New laws requiring certain companies to publish the pay ratio between bosses and workers will be laid out in parliament today.
Pay ratio reporting will force UK listed companies with more than 250 employees to reveal and “justify” the difference between how much top executives are paid compared with the average pay of their UK workforce.
These companies will also have to publish a narrative explaining changes to the pay ratio from year to year and to set the ratio into context of pay and conditions across the workforce.
In addition to reporting pay ratios, companies will have to:
- Report on how their directors take employee and other stakeholder interests into account
- Report on “responsible business arrangements”
- Show what effect an increase in share prices has on executive pay, and use this to inform shareholders when voting on long-term incentive plans.
The reforms follow last year’s consultation into UK corporate governance practices. Its recommendations included greater transparency into executive pay and greater shareholder engagement with decisions on remuneration.
Subject to parliamentary approval, they will come into effect from 1 January 2019, and companies will have to start reporting their pay ratios in 2020.
According to CIPD and High Pay Centre analysis, the average pay ratio between a FTSE 100 CEO and the average worker’s salary was 129:1 in 2016. In 2015 it was even higher, at 148:1.
The CIPD estimates that it would take the average UK full-time worker on a salary of £28,000 (median full-time earnings) 160 years to earn what an average FTSE 100 CEO is paid (£4.5 million) in just one year.
CIPD chief executive Peter Cheese said the reforms were a “welcome step in addressing the UK’s broken system of executive pay”.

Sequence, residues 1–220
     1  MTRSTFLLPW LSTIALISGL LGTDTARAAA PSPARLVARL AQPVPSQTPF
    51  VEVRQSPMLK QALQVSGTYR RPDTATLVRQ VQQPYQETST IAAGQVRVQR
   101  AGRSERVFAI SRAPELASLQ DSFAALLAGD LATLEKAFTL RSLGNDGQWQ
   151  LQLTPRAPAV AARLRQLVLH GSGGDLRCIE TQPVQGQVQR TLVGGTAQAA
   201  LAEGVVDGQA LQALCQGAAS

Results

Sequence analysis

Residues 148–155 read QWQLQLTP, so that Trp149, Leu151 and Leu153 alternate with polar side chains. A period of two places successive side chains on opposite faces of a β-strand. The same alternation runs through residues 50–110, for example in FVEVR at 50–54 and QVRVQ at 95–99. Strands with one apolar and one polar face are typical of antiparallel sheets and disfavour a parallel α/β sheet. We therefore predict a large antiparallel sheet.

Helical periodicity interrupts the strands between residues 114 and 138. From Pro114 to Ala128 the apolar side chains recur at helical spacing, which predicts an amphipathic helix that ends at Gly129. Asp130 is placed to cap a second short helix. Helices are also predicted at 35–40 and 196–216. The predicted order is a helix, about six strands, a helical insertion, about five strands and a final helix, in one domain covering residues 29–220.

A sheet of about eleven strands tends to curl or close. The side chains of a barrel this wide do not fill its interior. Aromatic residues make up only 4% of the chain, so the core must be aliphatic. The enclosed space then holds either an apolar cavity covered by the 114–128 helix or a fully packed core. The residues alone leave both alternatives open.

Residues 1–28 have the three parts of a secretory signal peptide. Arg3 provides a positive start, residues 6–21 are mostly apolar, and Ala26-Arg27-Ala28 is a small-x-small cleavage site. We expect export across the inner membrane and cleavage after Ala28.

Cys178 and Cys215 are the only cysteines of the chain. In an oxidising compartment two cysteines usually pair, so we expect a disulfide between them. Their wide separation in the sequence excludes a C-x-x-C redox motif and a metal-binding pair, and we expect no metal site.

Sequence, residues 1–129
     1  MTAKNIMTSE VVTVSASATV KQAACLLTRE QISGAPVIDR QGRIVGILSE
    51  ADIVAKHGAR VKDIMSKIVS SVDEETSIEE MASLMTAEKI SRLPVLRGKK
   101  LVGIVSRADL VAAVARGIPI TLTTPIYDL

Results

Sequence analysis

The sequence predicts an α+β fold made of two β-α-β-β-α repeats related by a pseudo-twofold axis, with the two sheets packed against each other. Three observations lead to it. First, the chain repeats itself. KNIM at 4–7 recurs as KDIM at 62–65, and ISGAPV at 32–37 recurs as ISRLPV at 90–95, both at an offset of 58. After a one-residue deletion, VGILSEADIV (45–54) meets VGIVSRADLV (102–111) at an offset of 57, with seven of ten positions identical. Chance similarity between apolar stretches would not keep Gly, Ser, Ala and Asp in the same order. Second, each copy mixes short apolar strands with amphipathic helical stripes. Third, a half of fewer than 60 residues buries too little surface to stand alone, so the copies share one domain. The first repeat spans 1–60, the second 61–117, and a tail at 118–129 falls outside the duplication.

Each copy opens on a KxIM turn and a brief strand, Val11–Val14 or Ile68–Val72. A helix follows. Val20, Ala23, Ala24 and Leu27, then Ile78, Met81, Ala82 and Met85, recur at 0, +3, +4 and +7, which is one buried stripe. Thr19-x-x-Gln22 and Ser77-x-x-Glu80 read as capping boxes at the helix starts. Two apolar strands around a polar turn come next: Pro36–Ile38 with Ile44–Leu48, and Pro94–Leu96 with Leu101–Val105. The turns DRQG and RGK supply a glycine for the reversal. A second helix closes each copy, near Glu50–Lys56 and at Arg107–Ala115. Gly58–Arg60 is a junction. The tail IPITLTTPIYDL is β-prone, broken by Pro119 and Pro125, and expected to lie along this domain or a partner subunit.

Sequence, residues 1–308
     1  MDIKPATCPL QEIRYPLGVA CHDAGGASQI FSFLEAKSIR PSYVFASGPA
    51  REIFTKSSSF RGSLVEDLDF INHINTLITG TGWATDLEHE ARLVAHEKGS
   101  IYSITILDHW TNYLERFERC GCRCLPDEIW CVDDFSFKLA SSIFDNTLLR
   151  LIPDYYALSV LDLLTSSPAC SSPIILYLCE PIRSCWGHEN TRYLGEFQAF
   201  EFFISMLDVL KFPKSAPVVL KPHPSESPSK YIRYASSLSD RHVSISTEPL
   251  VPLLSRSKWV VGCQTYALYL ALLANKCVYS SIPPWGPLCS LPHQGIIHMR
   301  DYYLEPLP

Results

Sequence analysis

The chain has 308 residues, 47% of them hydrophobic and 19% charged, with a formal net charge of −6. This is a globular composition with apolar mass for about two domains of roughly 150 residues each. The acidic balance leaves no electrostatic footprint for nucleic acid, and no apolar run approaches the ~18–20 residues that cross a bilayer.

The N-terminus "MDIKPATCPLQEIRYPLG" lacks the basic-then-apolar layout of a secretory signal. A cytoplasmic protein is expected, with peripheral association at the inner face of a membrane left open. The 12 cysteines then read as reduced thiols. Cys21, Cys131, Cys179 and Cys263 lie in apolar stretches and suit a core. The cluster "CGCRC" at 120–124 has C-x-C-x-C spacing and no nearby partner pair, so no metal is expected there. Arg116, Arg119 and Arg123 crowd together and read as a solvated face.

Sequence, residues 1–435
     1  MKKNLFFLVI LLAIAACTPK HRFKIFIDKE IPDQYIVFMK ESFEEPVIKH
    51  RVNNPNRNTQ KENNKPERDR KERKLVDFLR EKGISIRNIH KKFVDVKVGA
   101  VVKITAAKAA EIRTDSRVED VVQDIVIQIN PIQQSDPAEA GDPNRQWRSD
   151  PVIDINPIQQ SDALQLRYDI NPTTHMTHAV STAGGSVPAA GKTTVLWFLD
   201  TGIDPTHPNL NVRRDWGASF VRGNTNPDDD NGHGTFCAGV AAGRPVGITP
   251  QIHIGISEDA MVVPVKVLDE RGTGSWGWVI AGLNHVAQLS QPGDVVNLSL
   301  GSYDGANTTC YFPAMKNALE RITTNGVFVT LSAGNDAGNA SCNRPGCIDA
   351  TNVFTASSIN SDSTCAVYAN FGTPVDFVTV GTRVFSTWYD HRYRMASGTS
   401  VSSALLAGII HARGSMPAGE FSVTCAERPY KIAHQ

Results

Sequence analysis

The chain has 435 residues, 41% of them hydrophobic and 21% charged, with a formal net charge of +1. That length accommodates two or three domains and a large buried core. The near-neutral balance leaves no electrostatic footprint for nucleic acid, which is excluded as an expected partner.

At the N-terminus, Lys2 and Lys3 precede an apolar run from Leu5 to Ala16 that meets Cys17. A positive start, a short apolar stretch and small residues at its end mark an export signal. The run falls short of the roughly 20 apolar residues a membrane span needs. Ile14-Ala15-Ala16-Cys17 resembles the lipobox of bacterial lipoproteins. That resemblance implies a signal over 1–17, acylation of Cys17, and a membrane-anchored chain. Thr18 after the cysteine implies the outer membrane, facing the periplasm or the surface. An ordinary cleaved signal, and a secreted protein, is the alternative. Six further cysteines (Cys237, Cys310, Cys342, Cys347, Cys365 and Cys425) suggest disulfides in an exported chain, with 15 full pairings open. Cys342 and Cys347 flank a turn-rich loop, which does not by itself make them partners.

He added: “There needs to be a much clearer link between top pay and business performance but also, recognition that business success is a collective endeavour and not down to the actions of a single individual.
“We want to see much fairer distribution of reward across organisations, especially given that pay packets for the average worker have been squeezed for so long.”
Cheese said that the first gender pay gap reporting cycle, in April this year, had shown how publishing pay data can help bring employers’ practices into sharper focus.
He added: “We hope that the new laws on pay ratios will make organisations really question whether CEO pay is appropriate and proportionate to personal performance and business outcomes.”
Commenting on the new regulations, business secretary Greg Clark said: “One of Britain’s biggest assets in competing in the global economy is our deserved reputation for being a dependable and confident place in which to do business.
“Most of the UK’s largest companies get their business practices right but we understand the anger of workers and shareholders when bosses’ pay is out of step with company performance.
“Requiring large companies to publish their pay gaps will build on that reputation by improving transparency and boosting accountability at the highest levels, while helping build a fairer economy that works for everyone.”